Brand collaborations have become decidedly commonplace, but increased cooperation between brands and social sharing platforms is breathing new life into online commerce.
In honor of Pride Month, Levi’s has debuted a new capsule collection. But rather than simply walking into a store to purchase it, shoppers must use a Snapchat filter to “try on” and buy.
To unlock the special Pride Lens feature, Snapchat users can scan a QR code at select U.S. Levi’s stores, or receive a Snapcode from a friend.
Once the feature is enabled, Snapchat’s augmented reality technology allows them to virtually try on a Levi’s trucker jacket. According to a release from Levi’s, Snapchat’s AR “traces the body’s movements to ensure the fit is as accurate as possible.”
The Pride collection includes a jacket in two different washes, which can be customized with six limited-edition pins and patches. Once a user has adorned their piece, they can order through the Snapchat app, and of course, post a photo in their custom creation.
According to Levi’s, the collaboration marks “the first multi-product commerce experience on Snapchat.” The Pride Month jacket will be available through the platform until the end of June.
This isn’t the first time that Levi’s and Snapchat have partnered, however. Last October, the tech platform and heritage denim brand released an exclusive baseball cap to celebrate Mickey Mouse’s 90th birthday. Levi’s tweeted a Snapcode that allowed users to access the filter, and then buy the cap for $25 through the platform.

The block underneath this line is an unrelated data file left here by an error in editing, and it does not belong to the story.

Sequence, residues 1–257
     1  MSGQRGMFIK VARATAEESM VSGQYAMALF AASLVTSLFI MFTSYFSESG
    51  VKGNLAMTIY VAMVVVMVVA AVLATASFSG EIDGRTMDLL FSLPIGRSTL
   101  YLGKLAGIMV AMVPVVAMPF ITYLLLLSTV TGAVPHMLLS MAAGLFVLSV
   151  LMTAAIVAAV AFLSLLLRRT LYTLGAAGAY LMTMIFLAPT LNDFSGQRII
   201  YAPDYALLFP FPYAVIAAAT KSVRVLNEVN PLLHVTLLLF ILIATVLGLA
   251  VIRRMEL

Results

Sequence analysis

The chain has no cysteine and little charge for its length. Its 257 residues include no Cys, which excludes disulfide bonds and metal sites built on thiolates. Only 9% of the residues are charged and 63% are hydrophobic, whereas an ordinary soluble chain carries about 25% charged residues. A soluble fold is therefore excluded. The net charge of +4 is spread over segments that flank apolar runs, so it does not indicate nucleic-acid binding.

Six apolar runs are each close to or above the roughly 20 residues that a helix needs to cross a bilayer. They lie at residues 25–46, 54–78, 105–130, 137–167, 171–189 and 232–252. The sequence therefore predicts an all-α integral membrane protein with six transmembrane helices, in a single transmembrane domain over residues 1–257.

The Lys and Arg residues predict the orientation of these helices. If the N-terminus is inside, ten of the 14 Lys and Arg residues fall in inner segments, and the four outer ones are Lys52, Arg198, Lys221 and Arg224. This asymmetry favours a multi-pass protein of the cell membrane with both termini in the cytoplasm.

Constantly connected Gen Z and millennial shoppers are looking to social media not just as a platform for brand discovery, but fulfillment. Now, tech platforms that existed first for social sharing are encroaching on the territory of traditional e-commerce sites.
The quick advancement of Instagram’s multiple shopping features has young consumers hooked, with 38.7 percent of Gen Z online shoppers in the U.K. saying they’ve purchased products through Instagram Shopping. Millennials follow closely behind, with 34.3 percent of respondents saying they’ve bought products through the platform.
Shopping app Depop has become immensely popular with the younger set, serving 13 million users worldwide, all under the age of 26. The platform combines the aesthetic of an Instagram feed with the convenience of shopping on an e-commerce site like eBay.
On the Depop app, users can browse a curated feed of lifestyle shots for the perfect look, all while connecting with friends and other users. Last week, the London-based startup that it had raised $62 million in Series C funding, which it will largely use to fund its expansion into the U.S. market.
The “social shopping” craze shows no signs of slowing, and even behemoths like Amazon must continue to innovate in order to keep pace.
The company’s newest fashion feature, StyleSnap, allows users to upload a real life photo or a social media screenshot of their desired look, and Amazon’s deep learning technology offers up similar items for sale on the site.